As a former campaign staffer put it, Walker was the “canary in the coal mine” this cycle, his rapid demise an early warning about the shifting political ground and the power of the Trump phenomenon.
Walker’s mild-mannered demeanor proved entirely out of step with grass roots anger and impatience. His profile as a career politician undermined his appeal as a Washington outsider.
And two attributes he and others thought would buoy his candidacy turned out to be worth very little. One was a seemingly broad acceptability to different factions of the party, which was no match for the intensity of Trump’s support. The other was Walker’s “full-spectrum” conservatism, the fact that there was hardly any issue on which he departed from right-wing orthodoxy.
It turned out that ideological purity is not what GOP voters prized, with many of them struggling in the aftermath of a devastating recession.
“I think what we’ve seen here is the rise of Republican populism at the expense of ideology,” says GOP pollster Gene Ulm. “We saw it a little bit in 2010. We mistook it for ideology. We saw it again in ’14. That’s the new era. Look at Trump’s voters: lower middle class, struggling, non-pay raise voters, just as disgruntled with Wall Street as the Democrats are … angry with the Republican establishment as much as anything else.”
It’s not just Walker who has been “Trumped.” It’s striking how closely linked Priebus and Ryan now are to Trump’s political fate.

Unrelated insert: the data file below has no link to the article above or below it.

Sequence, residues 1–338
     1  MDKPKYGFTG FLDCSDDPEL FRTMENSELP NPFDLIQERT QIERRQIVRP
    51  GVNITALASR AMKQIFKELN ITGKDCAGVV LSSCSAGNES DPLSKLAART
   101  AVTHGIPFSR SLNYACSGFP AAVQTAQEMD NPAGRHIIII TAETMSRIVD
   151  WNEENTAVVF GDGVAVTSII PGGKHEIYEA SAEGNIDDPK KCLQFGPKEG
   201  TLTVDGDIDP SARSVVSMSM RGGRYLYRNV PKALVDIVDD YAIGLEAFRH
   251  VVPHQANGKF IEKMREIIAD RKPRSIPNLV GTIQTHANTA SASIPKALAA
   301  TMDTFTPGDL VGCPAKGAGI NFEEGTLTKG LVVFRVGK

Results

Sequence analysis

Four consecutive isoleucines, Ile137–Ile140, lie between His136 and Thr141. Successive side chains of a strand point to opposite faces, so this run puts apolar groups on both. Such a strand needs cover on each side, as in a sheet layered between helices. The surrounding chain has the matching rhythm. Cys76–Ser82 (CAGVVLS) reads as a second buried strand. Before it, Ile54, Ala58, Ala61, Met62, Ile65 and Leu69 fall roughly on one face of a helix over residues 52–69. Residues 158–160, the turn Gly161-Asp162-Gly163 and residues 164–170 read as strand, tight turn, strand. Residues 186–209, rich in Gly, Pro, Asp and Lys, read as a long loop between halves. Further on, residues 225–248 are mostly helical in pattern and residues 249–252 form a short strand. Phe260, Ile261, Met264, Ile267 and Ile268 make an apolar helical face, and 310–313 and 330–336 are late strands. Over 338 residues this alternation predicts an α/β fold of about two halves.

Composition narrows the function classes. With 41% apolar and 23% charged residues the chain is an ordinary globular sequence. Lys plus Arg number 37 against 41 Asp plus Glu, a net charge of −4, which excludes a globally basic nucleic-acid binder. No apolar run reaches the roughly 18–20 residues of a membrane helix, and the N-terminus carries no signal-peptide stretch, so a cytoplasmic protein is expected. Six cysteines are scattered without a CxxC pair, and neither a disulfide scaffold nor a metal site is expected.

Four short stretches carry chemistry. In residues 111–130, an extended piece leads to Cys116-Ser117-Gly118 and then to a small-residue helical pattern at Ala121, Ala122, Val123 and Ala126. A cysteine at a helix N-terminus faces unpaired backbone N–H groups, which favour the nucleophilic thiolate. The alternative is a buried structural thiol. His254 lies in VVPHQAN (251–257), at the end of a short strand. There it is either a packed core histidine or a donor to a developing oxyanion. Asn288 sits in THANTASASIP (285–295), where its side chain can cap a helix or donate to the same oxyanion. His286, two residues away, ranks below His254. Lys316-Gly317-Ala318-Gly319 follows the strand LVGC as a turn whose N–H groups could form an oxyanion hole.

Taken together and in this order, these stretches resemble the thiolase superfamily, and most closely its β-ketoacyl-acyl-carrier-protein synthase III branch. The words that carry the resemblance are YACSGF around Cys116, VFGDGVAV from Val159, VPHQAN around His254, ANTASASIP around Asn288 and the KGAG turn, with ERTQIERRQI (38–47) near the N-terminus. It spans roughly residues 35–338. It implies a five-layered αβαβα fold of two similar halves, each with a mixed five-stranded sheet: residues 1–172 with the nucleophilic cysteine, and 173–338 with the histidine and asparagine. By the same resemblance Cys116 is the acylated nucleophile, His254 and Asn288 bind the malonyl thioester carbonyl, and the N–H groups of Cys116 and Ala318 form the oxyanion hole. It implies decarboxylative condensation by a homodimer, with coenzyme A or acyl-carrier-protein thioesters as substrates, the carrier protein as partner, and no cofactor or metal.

When Priebus made it his goal early on to forestall a third-party bid by Trump, it’s hard to imagine he expected Trump to come this close to the nomination. The chairman has succeeded in keeping a certain level of peace so far with the front-runner.
“We don’t take sides (in this race), regardless of what you may think or read,” Priebus said.
In the final year of the longest tenure in RNC history, Priebus could see his party suffer in dramatic ways from the Trump phenomenon.
One is by waging a civil war over Trump, ensuring one side of that fight will walk away in disgust and leaving the party’s future under a massive cloud. Two is if a Trump nomination leads the party to a crushing defeat in November, dragging down GOP candidates for other offices. Three is whatever long-term damage Trump does to the party’s demographic imperative to expand its support among nonwhite voters, especially Latinos — an explicit goal of the 2012 post-mortem commissioned by Priebus.
But Ryan’s case may be the most illuminating. He has criticized Trump for proposing to ban the entry of Muslims into the U.S. and for doing too little to disavow support from white supremacists. Trump sent a shot across Ryan’s bow when he said last week that if the two don’t get along, the speaker “is going to have to pay a big price.” Ryan said that made him laugh out loud.
He and Trump have some glaring policy differences, including immigration, trade and entitlements. Ryan is an institutionalist and his party’s most powerful Washington politician. He views himself as a “happy warrior” who preaches tolerance and inclusion. He’s an ardent member of the conservative movement. He is in some respects the party’s “anti-Trump.”
After this year, Ryan could end up as the chief congressional partner — or foil — to a President Trump (if you assume Trump is electable). He could find himself on the wrong side of an angry GOP base. Or he could find himself left to lead a party that is in tatters or in seismic transformation.